The Art of the Personal Project: Kate Woodman

The Art of the Personal Project is a crucial element to let potential buyers see how you think creatively on your own.  I am drawn to personal projects that have an interesting vision or that show something I have never seen before.  In this thread, I’ll include a link to each personal project with the artist statement so you can see more of the project. Please note: This thread is not affiliated with any company; I’m just featuring projects that I find.  Please DO NOT send me your work.  I do not take submissions.


Today’s featured artist:  Kate Woodman

Growing up as a kid in suburban New England, there was always something enchanting about the west. Stories of entrepreneurial pioneers leaving everything they knew and heading out into unchartered territory read like epic fairytales–the great American quest into the vast unknown, with trials and tests around every corner, and insurmountable obstacles overcome by singular resolve, spontaneous ingenuity and some good old fashioned luck.

I think like most Americans, I have a tendency to romanticize our history.  I am often confronted by a sense of nostalgia for times gone by—a compelling ache for experiences I did not experience and never will. This nostalgia has been an ever present theme in my life since childhood, and as an adult has manifested in my work—first as a historic preservationist and then as a photographer.  It inspires in me an insatiable need to preserve that which is lost, whether through the restoration of a house or the creation of a visual narrative—ensuring that its memory is honored and lives on.

But nostalgia is a funny thing. It is a non-experience, an artifice of memory, and like the great American fables of the west, and it glosses over the day-to-day minutia and trivializes the mundane.  But there is beauty in the quiet moments interspersed between the pivotal plot points. Beauty in the last rays of sun hitting your face as you pick fresh flowers for your table; in the dust filtering the light as you pull today’s laundry off the line; in the warped and weathered wood of the front porch railing; and in the cool night air settling in as you check your herd before turning in for the night.  This series seeks to marry the romantic idealism in my mind’s construct of the era with the mundane day-to-day life of the pioneer by creating a cinematic visual narrative.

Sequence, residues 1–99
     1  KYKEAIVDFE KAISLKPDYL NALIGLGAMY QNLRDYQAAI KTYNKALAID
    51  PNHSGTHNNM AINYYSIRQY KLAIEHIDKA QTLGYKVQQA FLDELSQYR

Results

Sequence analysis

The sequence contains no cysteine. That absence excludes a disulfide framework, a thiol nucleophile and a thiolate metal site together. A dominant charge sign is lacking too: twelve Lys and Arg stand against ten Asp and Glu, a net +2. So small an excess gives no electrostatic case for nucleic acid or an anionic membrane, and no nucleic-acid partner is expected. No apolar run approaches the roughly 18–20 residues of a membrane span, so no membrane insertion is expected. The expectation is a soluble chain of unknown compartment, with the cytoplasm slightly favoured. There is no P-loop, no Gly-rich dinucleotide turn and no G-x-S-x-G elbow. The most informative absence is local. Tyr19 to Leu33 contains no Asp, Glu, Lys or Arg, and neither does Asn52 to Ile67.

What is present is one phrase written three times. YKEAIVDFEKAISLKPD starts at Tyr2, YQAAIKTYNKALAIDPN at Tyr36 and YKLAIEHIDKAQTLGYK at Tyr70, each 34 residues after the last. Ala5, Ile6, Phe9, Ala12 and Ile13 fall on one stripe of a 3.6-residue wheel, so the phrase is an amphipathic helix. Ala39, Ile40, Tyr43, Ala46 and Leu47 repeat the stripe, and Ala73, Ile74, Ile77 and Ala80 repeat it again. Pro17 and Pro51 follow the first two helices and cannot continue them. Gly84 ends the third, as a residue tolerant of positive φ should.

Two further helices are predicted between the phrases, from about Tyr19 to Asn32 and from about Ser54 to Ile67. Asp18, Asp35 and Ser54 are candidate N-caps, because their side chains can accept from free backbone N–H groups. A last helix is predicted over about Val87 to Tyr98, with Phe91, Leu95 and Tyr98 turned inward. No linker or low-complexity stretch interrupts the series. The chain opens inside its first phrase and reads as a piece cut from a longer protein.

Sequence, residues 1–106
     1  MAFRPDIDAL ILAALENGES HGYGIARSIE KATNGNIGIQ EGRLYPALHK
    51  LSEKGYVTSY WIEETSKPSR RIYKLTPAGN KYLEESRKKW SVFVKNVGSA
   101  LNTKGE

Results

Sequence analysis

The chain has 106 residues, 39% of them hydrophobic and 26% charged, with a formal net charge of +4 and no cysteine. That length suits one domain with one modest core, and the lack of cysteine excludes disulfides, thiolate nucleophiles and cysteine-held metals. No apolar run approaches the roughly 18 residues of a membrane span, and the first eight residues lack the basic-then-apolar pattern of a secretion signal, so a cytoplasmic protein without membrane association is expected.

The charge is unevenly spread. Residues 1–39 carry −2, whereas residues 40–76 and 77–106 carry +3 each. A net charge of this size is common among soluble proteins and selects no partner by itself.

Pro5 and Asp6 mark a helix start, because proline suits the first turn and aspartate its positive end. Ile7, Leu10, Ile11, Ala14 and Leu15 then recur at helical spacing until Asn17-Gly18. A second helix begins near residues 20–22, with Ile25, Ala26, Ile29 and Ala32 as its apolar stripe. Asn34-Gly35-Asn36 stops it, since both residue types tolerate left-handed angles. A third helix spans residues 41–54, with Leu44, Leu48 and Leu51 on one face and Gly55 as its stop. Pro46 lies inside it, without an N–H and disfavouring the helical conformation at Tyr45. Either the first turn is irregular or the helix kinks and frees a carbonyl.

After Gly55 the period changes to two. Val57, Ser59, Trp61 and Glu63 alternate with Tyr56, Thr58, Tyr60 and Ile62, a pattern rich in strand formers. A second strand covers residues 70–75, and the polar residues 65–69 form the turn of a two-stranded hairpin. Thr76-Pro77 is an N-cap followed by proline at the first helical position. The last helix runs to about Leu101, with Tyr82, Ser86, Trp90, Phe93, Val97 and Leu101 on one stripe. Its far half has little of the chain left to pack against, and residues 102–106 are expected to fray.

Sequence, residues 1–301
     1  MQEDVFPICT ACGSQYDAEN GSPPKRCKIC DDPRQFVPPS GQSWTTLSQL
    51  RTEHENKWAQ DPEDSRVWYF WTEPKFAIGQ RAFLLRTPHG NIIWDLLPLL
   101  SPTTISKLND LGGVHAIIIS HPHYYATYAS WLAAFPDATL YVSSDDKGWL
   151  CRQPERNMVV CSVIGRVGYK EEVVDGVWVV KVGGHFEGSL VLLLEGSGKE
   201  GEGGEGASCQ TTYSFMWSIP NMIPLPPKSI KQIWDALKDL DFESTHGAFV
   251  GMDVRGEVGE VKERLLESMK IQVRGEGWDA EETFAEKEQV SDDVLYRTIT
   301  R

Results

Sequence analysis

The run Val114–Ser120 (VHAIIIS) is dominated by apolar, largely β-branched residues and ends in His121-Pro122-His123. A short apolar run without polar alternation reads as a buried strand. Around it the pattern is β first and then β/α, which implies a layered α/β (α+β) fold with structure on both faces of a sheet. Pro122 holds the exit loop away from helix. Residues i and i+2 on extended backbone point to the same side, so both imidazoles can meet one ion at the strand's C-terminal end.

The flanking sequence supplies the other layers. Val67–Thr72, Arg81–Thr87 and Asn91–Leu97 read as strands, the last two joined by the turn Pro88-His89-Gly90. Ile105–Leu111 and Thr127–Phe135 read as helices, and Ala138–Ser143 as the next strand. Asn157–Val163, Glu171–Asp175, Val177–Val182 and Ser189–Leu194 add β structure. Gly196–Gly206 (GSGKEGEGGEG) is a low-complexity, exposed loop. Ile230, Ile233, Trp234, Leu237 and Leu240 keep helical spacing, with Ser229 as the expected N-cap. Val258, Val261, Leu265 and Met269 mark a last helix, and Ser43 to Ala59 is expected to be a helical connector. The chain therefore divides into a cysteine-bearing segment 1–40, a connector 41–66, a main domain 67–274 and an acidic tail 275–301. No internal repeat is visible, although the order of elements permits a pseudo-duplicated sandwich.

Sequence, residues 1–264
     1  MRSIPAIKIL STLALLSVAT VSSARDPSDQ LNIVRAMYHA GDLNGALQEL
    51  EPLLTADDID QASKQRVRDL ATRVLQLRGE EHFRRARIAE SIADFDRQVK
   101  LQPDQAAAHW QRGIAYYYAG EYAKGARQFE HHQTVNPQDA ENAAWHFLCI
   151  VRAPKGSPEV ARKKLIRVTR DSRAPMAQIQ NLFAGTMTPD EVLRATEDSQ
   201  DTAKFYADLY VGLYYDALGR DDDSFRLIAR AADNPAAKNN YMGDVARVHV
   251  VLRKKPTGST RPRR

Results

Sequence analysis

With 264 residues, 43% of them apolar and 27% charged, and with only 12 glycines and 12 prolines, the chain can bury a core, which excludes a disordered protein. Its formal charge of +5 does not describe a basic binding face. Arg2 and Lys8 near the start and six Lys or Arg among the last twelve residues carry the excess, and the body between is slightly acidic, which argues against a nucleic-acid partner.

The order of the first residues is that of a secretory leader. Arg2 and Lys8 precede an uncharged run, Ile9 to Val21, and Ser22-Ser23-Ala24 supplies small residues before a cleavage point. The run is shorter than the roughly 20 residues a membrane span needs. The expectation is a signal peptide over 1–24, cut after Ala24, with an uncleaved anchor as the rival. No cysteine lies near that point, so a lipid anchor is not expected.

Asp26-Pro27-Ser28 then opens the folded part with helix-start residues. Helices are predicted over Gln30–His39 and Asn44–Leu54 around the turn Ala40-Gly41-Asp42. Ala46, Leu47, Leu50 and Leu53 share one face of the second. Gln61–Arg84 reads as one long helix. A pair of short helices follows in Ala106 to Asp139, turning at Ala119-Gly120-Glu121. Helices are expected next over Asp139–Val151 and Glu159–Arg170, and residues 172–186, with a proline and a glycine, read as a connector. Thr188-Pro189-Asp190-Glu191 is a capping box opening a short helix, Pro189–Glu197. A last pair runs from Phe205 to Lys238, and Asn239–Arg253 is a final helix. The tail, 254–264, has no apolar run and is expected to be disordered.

The series in part is inspired by the location itself. The Dalles Mountain Ranch, located in the rolling hills of the Columbia River along the historic Oregon Trail, was settled in the 1860s. The land proved to be harsh and unsuitable for farming, forcing the settlers to ranch cattle rather than harvest crops.  It was eventually lost in the Great Depression and subsequently whittled away parcel by parcel until eventually purchased by the state and designated as a preserve.  The ranch is an archetype of the fate of American ranching and now stands as a melancholic relic of an irretrievable time long since past.


To see more of this project, click here.

APE contributor Suzanne Sease currently works as a consultant for photographers and illustrators around the world. She has been involved in the photography and illustration industry since the mid 80s.  After establishing the art buying department at The Martin Agency, then working for Kaplan-Thaler, Capital One, Best Buy and numerous smaller agencies and companies, she decided to be a consultant in 1999. She has a new Twitter feed with helpful marketing information because she believes that marketing should be driven by brand and not by specialty.  Follow her at @SuzanneSeaseInstagram

Success is more than a matter of your talent. It’s also a matter of doing a better job presenting it.  And that is what I do with decades of agency and in-house experience.


Suzanne Sease

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